Going viral on the web can be great for bloggers, Instagrammers, Tweeters and Facebook users, but what happens when an employee posts a “status”, “hashtag” or uploads content that is potentially offensive, intimidating or injurious to the reputation of their employer.
The world-wide phenomenon of social media is growing exponentially, and with access to the internet now available on smart phones, tablets, laptops and almost all conventional computer devices, we are able to connect and interact with our peers and “friends” on social networking sites instantaneously with the click of a button. The emergence of social media has led many employers to dramatically rethink the way in which organisations protect their brand, recruit and effectively manage an employee’s out-of-hours conduct.
This issue is not only confined to Australia, but is a matter which the world seems to be grappling with at large. In the United States for example, award winning news anchor, Wendy Bell, was recently fired from her employment after posting racially insensitive posts on Facebook about a fatal ambush shooting in a desperately poor predominantly African-American suburb of Pittsburgh. The Facebook rant was posted in the following terms:
“You needn’t be a criminal profiler to draw a mental sketch of the killers who broke so many hearts two weeks ago today…they are young black men, likely in their teens or in their early 20s. They have multiple siblings from multiple fathers and their mothers work multiple jobs. These boys have been in the system before. They’ve grown up there. They know the policy. They’ve been arrested.”
Although the high-profile news reader apologised and said her words were insensitive and could be viewed as racist, this was not enough to save her employment. There have been similar instances in Australia in which the Fair Work Commission and the Courts have confirmed that posting on social medial networks to express displeasure with an employer or co-worker can impact the employment relationship and give rise to circumstances warranting dismissal, including immediate termination. However, in order to rely on serious misconduct as a reason for termination, and to protect their business, employers need to determine their strategy, update workplace policies and consider educating staff about acceptable social media conduct and responsible use of technological resources.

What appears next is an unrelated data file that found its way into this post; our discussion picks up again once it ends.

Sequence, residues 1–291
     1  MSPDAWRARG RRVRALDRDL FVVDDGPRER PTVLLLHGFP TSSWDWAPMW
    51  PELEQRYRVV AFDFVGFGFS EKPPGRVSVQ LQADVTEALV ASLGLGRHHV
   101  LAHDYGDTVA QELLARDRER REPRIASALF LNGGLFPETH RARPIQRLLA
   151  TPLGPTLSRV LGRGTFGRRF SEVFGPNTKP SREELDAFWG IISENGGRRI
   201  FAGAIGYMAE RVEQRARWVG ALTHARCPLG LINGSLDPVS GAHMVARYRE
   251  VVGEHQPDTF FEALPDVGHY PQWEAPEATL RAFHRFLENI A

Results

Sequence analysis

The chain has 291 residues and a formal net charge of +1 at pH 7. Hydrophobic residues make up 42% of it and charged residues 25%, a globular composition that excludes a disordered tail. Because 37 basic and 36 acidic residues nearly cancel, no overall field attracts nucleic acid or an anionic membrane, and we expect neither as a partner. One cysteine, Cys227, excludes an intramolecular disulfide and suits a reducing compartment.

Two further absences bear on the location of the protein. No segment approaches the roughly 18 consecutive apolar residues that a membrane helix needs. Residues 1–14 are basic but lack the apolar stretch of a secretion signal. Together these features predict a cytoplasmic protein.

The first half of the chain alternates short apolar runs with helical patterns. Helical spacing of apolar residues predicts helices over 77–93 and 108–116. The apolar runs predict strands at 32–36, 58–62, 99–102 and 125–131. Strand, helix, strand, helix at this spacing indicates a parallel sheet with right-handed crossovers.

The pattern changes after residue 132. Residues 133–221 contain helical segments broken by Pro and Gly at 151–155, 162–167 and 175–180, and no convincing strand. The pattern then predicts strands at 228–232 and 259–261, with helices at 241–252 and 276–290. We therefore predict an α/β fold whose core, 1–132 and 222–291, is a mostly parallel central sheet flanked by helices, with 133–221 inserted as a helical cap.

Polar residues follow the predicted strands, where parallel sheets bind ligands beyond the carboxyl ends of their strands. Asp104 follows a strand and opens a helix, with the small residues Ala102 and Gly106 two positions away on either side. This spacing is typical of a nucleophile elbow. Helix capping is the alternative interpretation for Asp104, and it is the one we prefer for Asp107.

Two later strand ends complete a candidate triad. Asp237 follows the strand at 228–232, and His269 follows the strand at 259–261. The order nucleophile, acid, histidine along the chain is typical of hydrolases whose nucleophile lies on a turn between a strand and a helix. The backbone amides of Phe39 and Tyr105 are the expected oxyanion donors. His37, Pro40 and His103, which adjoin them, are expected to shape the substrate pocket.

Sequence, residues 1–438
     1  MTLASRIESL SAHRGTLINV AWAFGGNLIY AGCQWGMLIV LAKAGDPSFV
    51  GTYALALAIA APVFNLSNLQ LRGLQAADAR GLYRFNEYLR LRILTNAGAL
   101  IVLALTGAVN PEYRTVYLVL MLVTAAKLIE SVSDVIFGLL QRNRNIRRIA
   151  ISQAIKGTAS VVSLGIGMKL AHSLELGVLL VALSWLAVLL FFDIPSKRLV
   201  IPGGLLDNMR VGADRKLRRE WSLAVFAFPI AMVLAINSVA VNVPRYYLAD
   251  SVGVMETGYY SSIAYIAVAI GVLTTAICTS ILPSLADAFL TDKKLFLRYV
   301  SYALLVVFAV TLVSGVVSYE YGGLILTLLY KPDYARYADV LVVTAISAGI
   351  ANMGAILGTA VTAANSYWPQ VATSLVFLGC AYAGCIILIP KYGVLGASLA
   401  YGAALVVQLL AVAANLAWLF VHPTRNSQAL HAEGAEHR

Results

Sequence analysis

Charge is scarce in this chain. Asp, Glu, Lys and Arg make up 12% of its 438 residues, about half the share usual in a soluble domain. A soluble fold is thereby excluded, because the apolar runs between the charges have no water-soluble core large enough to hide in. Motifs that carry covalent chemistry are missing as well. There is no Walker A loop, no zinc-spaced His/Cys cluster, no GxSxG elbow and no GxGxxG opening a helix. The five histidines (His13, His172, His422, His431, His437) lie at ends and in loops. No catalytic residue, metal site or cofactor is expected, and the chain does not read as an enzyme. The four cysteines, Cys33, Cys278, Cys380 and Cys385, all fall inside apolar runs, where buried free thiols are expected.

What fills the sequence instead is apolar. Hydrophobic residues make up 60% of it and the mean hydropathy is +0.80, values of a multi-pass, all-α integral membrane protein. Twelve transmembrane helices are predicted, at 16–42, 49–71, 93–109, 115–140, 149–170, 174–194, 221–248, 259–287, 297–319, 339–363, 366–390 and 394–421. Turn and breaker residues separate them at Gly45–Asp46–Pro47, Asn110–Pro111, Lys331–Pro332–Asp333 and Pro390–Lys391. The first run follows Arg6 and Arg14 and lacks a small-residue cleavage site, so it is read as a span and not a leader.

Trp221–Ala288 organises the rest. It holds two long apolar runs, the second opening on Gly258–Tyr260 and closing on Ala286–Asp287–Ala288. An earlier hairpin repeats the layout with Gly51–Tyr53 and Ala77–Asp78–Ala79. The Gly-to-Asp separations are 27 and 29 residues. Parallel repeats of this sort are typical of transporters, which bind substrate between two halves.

If no clear stance is taken on the issue, employers may be exposed by making misinformed decision as was the case in Fitzgerald v Smith T/A Escape Hair Design FWA 735. In this case, Commissioner Bissett ruled that while comments posted by an employed hairdresser were silly, they did not by themselves provide a valid reason for dismissal because the postings were not detrimental to the business and the employer had not raised its concerns with the employee at the time they were made. In this particular instance, the hairdresser posted the following comment to her Facebook account:
“Xmas ‘bonus’ alongside a job warning, followed by no holiday pay!! Whoooooo! The Hairdressing Industry rocks man!!! AWSOME!!!”
In assessing whether social media use by an employee is inappropriate, the Commission may consider a number of factors, including:
- whether the employer was named;
- who has access to or can see the comments;
- how long the comments were posted;
- viewed objectively, whether the comments would adversely affect the employer’s business (or reputation), or have the potential to do so; and
- whether the employer raised any concerns about the comments at the relevant time.
It is important to note that employers may find themselves being held vicariously liable for the conduct of their employees on social media sites, even for after-hours conduct, that gives rise to issues of sexual harassment, bullying or discrimination. It is not enough for an employer to turn a blind eye to what is posted on social media sites, and failing to act in these circumstances will be viewed in the same way as an employer failing to act on an issue taking place in the workplace.
Given the explosion of participants on social networking sites, the Courts and employment Tribunals are seeing an increasing number of claims being brought as a result of terminations relating to social media use, including excessive social media use during work hours. It seems that the most effective way to mitigate the risk of ending up defending a claim is to set clear boundaries during employment, through the administration of a carefully drafted social media policy.
A well drafted social media policy should cover:
- to whom the policy applies;
- what is acceptable conduct and what is not and setting out of specific examples to make it abundantly clear;
- that merely having unacceptable comments on your Facebook page (even if they are not your comments) is not tolerated;
- that ignorance of Facebook settings and controls is not accepted as a defence to breach of the policy; and
- that the policy applies at all times, whether the employee is at home, at work or using social media within or outside of work hours
Other strategies to manage the risk of social media misuse include providing staff training and implementing software to monitor or limit excessive or objectionable use by employees during work hours. If you have concerns about social media use in your workplace, or wish to further discuss the steps that can be taken to mitigate the risks in this area, please do not hesitate to contact us for specialist advice or assistance.
This alert is not intended to constitute, and should not be treated as, legal advice.